Understanding the Idiom: "edge out" - Meaning, Origins, and Usage

Idiom language: English

The idiom “edge out” implies that someone or something has gained a slight advantage over others through skill, strategy, or luck. It suggests that the victory was not easy or obvious but required effort and determination. The phrase can also convey a sense of competition and rivalry between individuals or groups.

To understand the full meaning of “edge out”, it is important to consider its context and connotations. For example, in sports, it may refer to winning a game by a narrow margin or overtaking an opponent at the last moment. In business, it may refer to securing a contract or deal ahead of competitors through clever negotiation tactics.

Origins and Historical Context of the Idiom “edge out”

The idiom “edge out” has been used in the English language for many years, but its origins are not clear. However, it is believed to have originated from a physical action of edging or pushing something out of the way. Over time, this phrase has evolved into a figurative meaning that refers to someone or something being pushed aside or replaced.

Throughout history, there have been many instances where individuals or groups have been edged out of positions of power or influence. For example, during the Industrial Revolution in England, traditional craftsmen were edged out by new machines and factory workers. Similarly, in politics and business, there are often cases where one person edges another out for a promotion or position.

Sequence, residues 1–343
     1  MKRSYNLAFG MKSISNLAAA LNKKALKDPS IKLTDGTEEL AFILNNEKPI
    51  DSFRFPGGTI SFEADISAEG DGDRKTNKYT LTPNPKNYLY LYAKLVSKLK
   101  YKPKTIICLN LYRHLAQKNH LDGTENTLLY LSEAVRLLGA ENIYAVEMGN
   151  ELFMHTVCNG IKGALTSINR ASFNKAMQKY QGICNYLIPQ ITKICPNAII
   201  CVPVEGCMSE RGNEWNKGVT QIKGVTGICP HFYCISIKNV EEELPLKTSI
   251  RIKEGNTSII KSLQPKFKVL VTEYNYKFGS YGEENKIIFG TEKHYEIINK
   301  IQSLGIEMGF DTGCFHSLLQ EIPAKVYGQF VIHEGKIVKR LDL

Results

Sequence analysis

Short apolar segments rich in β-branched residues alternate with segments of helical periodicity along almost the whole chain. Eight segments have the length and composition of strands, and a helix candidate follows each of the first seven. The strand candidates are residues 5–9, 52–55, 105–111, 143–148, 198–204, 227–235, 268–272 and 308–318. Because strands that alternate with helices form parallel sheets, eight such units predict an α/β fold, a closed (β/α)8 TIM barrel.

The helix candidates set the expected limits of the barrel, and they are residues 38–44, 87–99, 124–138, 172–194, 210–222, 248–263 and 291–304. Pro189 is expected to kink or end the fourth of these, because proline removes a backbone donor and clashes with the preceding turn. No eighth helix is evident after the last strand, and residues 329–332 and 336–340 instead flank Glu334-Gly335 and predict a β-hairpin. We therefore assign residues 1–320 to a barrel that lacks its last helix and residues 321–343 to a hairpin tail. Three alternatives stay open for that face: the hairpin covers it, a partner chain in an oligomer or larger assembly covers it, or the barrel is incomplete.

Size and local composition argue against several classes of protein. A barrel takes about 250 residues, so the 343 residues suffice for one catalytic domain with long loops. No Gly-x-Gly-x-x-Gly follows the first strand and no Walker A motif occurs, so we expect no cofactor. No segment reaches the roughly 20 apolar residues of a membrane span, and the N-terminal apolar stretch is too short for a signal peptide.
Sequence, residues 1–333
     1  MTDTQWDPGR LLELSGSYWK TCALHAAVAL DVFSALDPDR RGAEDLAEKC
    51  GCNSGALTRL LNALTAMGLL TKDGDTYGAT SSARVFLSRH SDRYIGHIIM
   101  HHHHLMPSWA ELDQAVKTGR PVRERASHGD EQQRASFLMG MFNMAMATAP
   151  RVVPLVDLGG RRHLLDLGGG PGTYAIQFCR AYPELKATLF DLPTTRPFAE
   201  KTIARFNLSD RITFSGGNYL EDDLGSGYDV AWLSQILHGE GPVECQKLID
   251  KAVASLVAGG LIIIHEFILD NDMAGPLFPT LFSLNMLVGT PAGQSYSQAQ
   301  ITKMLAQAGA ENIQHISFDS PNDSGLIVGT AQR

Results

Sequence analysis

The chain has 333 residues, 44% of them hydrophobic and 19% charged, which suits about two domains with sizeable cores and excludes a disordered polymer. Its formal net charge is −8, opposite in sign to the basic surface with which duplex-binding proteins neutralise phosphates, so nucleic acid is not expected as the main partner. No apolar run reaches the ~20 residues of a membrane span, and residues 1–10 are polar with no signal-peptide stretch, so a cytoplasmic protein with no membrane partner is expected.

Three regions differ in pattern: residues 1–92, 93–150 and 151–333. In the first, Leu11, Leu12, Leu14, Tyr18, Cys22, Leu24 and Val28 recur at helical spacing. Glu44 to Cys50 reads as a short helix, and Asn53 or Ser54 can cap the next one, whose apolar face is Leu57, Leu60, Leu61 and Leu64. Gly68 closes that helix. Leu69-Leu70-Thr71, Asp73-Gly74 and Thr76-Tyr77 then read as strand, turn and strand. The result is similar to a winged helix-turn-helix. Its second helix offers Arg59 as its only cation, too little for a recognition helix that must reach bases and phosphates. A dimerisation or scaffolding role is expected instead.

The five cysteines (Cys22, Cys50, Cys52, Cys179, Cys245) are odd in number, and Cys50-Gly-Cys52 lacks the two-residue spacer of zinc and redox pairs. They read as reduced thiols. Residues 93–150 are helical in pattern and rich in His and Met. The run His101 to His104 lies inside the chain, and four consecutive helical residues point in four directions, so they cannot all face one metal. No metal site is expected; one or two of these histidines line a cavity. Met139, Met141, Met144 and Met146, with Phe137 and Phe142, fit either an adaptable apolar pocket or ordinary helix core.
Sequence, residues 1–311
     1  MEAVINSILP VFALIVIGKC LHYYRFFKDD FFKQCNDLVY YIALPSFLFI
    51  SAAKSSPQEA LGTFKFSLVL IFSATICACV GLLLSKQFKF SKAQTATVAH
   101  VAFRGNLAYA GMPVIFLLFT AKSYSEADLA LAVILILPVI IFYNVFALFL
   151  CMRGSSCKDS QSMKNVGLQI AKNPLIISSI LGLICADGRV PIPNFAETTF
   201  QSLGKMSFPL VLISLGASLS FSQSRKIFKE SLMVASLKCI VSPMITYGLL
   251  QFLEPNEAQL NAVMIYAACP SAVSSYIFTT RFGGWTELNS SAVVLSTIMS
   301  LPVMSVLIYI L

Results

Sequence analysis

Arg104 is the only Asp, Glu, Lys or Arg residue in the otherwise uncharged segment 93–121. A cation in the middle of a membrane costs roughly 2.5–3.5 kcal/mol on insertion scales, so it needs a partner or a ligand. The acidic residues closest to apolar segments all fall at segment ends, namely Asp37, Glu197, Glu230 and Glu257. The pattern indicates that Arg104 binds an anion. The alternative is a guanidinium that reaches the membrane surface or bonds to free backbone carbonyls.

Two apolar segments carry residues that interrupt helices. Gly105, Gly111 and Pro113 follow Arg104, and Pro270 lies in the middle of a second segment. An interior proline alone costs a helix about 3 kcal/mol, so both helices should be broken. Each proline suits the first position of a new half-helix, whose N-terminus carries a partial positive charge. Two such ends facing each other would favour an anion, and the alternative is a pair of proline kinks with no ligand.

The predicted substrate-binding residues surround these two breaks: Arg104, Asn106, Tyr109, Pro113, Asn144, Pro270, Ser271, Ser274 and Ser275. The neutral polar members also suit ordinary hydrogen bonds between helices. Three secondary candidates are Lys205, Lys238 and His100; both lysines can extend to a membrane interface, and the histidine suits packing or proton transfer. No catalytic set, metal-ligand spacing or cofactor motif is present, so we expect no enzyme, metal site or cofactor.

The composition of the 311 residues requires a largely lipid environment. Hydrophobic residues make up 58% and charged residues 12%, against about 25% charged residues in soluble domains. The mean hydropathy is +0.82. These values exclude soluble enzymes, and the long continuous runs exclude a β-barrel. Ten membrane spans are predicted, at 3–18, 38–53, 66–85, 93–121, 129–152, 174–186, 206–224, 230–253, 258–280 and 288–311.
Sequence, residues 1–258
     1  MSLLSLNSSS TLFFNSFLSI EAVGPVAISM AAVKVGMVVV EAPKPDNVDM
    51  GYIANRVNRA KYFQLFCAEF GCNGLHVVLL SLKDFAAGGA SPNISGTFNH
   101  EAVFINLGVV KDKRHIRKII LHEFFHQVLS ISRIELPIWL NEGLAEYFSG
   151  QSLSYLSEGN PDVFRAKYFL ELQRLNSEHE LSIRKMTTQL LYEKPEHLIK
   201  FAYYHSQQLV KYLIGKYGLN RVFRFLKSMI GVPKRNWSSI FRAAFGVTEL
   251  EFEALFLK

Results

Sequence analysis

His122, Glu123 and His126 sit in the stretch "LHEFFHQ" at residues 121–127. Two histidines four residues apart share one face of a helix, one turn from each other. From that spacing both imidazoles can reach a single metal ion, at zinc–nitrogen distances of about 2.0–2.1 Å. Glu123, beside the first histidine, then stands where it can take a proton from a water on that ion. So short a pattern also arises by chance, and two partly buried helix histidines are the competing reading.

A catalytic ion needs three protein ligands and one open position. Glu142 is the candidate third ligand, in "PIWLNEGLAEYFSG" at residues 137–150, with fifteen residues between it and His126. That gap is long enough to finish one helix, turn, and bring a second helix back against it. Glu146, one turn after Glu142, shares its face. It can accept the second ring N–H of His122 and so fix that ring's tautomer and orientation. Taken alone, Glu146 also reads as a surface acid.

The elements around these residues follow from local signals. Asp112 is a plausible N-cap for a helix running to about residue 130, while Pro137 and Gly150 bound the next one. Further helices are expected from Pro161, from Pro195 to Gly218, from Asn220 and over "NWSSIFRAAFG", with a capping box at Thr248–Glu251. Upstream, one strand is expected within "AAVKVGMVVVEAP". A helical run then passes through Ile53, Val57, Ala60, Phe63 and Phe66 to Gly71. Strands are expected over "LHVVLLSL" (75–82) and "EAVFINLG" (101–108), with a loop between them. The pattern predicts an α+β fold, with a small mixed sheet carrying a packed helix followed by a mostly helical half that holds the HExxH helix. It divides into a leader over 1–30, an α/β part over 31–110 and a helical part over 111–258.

The use of this idiom has become more common in modern times as competition and ambition continue to drive people towards success. It is often used in professional settings such as job interviews and performance evaluations when discussing career advancement opportunities.

Usage and Variations of the Idiom “edge out”

When it comes to language, idioms can be tricky to understand. However, once you’ve got a handle on them, they can add a lot of color and nuance to your speech or writing. One such idiom is “edge out”. This phrase has several variations in usage that are worth exploring.

One common way to use “edge out” is when talking about competition. If two people or groups are competing for something, one might eventually edge the other out – meaning they’ll come out ahead and win whatever prize was at stake. Another variation of this usage involves using “edged” as an adjective: if someone says they just barely edged their opponent out, it means the competition was very close but they managed to eke out a victory.

Another way you might hear “edge out” used is in reference to social situations. For example, if someone feels like they’re being excluded from a group or conversation, they might say that others are trying to edge them out. Similarly, if someone is trying to gain more influence within a group or organization, they may try to edge others out by making themselves more visible or taking credit for accomplishments.

Finally, there’s also an idiomatic phrasal verb that uses “out”: edge someone/something/someplace/somewhere out. This construction means essentially the same thing as just saying “edge out”, but with some added specificity – for example, you could say that you edged your competitor’s product line out of the market by offering better prices and features.

Synonyms, Antonyms, and Cultural Insights for the Idiom “edge out”


There are several synonyms that can be used in place of “edge out”. These include:

  • Push aside
  • Oust
  • Supplant
  • Replace
  • Displace

Each of these words carries a slightly different connotation, but they all convey the idea of someone or something being replaced or removed from a position.


On the other hand, there are also antonyms that represent the opposite meaning of “edge out”. These include:

  • Ingratiate oneself with
  • Court favor with
  • Maintain good relations with
  • Avoid conflict with